## 9.8 Exercise 4. Matrix manipulation

Create the script “exercise4.R” and save it to the “Rcourse/Module1” directory: you will save all the commands of exercise 4 in that script.
Remember you can comment the code using #.

correction

``````getwd()
setwd("Rcourse/Module1")
setwd("~/Rcourse/Module1")``````

1- Create three numeric vectors x, y, z, each of 4 elements of your choice.

correction

``````x <- 2:5
y <- 6:9
z <- 7:4``````

Use rbind() to create a matrix mat (3 rows and 4 columns) out of x, y and z.

correction

``mat <- rbind(x, y, z)``

2- Create the same matrix now using the matrix function. Repeat the same using the byrow=TRUE parameter: what is different?

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``````mat <- matrix(data=c(x, y, z), nrow=3, ncol=4)
# "byrow=TRUE": what is different in the output ?
mat_byrow <- matrix(data=c(x, y, z), nrow=3, ncol=4, byrow=TRUE)``````

3- Add names to mat’s columns: “a”, “b”, “c”, “d”, respectively.

correction

``colnames(mat) <- c("a", "b", "c", "d")``

4- Calculate the sum of each row, and the sum of each column

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``rowSums(mat); colSums(mat)``

5- Create the matrix mat2 as:

``mat2 <- matrix(c(seq(from=1, to=10, by=2), 5:1, rep(x=2017, times=5)), ncol=3)``

What does function seq() do?

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seq generate sequences of numbers. Here, it creates a sequences from 1 to 10 with a step of 2 numbers.

6- What are the dimensions of mat2 (number of rows and number of columns)?

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``````# number of rows
nrow(mat2)
# number of columns
ncol(mat2)
# dimensions: number of rows, number of columns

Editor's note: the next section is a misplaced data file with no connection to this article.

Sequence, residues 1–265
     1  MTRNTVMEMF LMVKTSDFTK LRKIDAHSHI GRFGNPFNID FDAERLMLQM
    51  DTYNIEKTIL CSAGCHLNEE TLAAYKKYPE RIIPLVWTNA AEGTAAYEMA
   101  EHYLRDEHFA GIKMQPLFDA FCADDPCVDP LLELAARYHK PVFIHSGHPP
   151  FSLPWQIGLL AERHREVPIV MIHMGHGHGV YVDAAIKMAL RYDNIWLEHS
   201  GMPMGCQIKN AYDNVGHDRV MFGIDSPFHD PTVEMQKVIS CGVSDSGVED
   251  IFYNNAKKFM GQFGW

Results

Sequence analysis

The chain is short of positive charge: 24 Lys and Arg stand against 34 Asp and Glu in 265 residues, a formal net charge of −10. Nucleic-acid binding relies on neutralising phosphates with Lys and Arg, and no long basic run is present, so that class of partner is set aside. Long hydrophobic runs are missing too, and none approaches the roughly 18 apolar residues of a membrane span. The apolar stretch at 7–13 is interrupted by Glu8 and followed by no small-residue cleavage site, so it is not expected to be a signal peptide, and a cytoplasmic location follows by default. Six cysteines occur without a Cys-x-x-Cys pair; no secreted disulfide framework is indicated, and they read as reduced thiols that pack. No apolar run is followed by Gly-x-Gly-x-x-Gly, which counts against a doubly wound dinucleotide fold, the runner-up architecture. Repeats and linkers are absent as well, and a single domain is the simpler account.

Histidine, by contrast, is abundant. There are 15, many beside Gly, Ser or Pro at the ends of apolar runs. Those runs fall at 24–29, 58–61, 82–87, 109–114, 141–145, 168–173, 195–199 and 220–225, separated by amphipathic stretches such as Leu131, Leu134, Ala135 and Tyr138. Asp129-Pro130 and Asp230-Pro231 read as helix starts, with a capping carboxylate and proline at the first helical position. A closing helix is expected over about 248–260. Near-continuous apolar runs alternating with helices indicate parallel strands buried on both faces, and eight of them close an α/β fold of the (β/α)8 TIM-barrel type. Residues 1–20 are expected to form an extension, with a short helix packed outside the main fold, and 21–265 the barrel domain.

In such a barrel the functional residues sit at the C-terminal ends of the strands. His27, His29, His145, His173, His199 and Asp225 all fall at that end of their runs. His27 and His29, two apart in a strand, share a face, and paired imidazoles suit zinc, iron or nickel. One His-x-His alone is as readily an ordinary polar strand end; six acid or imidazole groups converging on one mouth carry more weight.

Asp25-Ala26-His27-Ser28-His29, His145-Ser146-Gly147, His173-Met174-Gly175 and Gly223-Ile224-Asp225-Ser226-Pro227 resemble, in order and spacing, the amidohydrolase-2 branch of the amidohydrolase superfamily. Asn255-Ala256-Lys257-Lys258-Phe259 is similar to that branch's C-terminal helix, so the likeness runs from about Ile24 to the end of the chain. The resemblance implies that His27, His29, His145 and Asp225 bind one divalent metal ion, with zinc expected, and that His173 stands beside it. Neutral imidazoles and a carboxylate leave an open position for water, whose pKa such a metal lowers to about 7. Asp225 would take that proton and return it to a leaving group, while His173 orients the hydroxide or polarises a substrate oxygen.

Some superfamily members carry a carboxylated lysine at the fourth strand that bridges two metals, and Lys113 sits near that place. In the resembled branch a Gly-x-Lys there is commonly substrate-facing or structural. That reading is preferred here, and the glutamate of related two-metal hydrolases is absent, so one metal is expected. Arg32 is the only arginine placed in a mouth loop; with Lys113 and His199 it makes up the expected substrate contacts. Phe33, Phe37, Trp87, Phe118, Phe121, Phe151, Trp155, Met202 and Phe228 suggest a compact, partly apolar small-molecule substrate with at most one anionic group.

dim(mat2)``````

7- Add column names to mat2: “day”, “month” and “year”, respectively.

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``colnames(mat2) <- c("day", "month", "year")``

8- Add row names to mat2: letters “A” to “E”

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``````rownames(mat2) <- c("A", "B", "C", "D", "E")
rownames(mat2) <- LETTERS[1:5]``````

9- Shows row(s) of mat2 where the month column is greater than or equal to 3.

correction

``````# select column month
mat2[, "month"]
# element(s) of column month that is (are) greater than or equal to 3
mat2[,"month"] >= 3
# finally select row(s) where the month columns is greater than or equal to 3
mat2[mat2[,"month"] >= 3,]``````

10- Replace all elements of mat2 that are equal to 2017 with 2018.

correction

``````# which elements of mat2 that are exactly equal to 2017
mat2==2017
# retrieve actual elements
mat2[mat2==2017]
# replace all 2017 with 2018
mat2[mat2==2017] <- 2018``````

11- Multiply all elements of the 2nd column of mat2 by 7. Reassign mat2!

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``````# multiply all elements of the 2nd column of mat2 by 7
mat2[,2] * 7
# reassign mat2 with the new values of column 2
mat2[,2] <- mat2[,2] * 7``````

12- Add the column named “time” to mat2, that contains values 8, 12, 11, 10, 8. Save in the new object mat3.

correction

``mat3 <- cbind(mat2, time=c(8, 12, 11, 10, 8))``

13- Replace all elements of mat3 that are less than 3 with NA.

correction

``````# which elements of mat3 that are less than 3
mat3 < 3
# actually elements of mat3 that are less than 3
mat3[mat3 < 3]
# reassign elements of mat3 that are less than 3 with NA
mat3[mat3 < 3] <- NA``````

14- Remove rows from mat3 if a NA is present. Save in the new object mat4.

correction

``mat4 <- na.omit(mat3)``

15- Retrieve the smaller value of each column of mat4.

Try different approaches:

• Retrieve the minimum for each column one by one.

correction

``````min(mat4[,"day"])
min(mat4[,"month"])
min(mat4[,"year"])
min(mat4[,"time"])``````
• Retrieve the minimum of all columns simultaneously using the apply() function.

correction

``````# mat4: object
# 2: by column
# min: function to apply
apply(mat4, 2, min)``````